In my last post about WikiLeaks and Julian Assange I wrote that transparency seems to be a staple requirement in many platforms for informational activism. But another key ingredient is a certain degree of security and protection of sensible data (e.g. user identities), which is kind of the opposite of “transparency.”
While whistleblowers that submit secret material through platforms like WikiLeaks are well aware of the fact they might be prosecuted (hence the stress on identity protection), other Internet-using activists seem to underestimate the transparency/security ratio of the networks through which they operate. For example, Twitter and Facebook definitely enable an unprecedented organizational and informational power (in an easy-to-use and easier-to-share way), but their users can be tracked down by authorities without too much hassle.
In this year’s Egyptian revolution, which has been largely publicized as social media-ridden, the government crackdowns on Twitter and even cellphones highlighted the importance of those media, but also their ambiguities. Apart from infamously hijacking the Vodafone network to send anti-revolutionary propaganda, the Egyptian government also used the popular social networks to identify activists. Even Julian Assange, in his interview with Hans Ulrich Obrist, said the most popular guide in the Egyptian demonstrations was passed on in soccer clubs and clearly discouraged the use of Facebook and Twitter, for safety reasons.
The same double-edged potential has been discussed more recently on the media, concerning the UK riots. Protesters and looters used free-messaging networks to coordinate the attacks, but they have thus become easy to study for both social scientists and the authorities, which has in some cases led to arrests and pretty severe consequences. While media theorists like Christian Fuchs point out how the real responsibility for these abrupt unrests lies in the social inequalities and structural violence of neoliberalism, people are even discussing how likely a direct government intervention to silence social media communications might be in countries like England.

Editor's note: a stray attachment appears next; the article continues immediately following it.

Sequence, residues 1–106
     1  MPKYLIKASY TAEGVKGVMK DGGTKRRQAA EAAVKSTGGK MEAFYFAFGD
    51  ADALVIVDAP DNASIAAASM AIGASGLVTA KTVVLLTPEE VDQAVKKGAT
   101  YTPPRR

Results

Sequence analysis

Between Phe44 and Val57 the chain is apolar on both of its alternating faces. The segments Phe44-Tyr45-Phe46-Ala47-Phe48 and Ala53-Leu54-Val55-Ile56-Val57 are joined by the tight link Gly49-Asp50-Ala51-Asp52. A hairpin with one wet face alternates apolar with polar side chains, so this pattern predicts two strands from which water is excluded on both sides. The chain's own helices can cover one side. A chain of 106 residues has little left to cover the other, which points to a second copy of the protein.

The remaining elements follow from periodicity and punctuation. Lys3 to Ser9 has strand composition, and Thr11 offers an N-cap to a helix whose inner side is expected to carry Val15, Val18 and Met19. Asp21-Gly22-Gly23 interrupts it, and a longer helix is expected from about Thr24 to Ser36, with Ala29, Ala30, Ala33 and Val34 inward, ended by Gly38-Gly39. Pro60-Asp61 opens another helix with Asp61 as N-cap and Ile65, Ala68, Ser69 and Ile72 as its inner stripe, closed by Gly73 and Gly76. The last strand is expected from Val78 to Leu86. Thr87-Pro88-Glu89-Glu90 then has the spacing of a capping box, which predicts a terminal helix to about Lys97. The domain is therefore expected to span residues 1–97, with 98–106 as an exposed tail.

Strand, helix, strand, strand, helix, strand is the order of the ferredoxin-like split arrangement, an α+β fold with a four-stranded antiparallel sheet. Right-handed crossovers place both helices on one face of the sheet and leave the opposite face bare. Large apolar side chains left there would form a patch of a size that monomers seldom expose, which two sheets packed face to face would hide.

Anyway, if Egypt did turn off the networks, Western countries like the UK and the US are less likely to adopt such drastic measures. Definitely the libertarian interests at stake and the controversy that would most certainly follow are good reasons, but another factor to keep into account is that the government’s technology savviness would allow the authorities to be ahead of the game. In particular, the Pentagon has been buying spy software and even putting considerable resources aside for a social network-specific intelligence corp, through which it will be possible to both spread propaganda and control potential suspects.
The transparency of information is one of the deepest revolutions enabled by new media. Scholars have been discussing for a long time how these technologies also imply a tighter surveillance on citizens, paradoxically more and more voluntary and self-imposed. But most people haven’t read Michel Foucault or Gilles Deleuze’s Postscript on the Societies of Control, so this ambiguity doesn’t appear so obvious to the vast majority of the Crowd (or the Mob, as they call it when it gets bad). A single government, though, can only control communicational infrastructure to a certain extent, at a certain time, or for a limited period. It’s a big advantage, but in certain cases – when the need for freedom or revenge is stronger than that of information – it all boils down to slower and more effective forms of resistance/attack.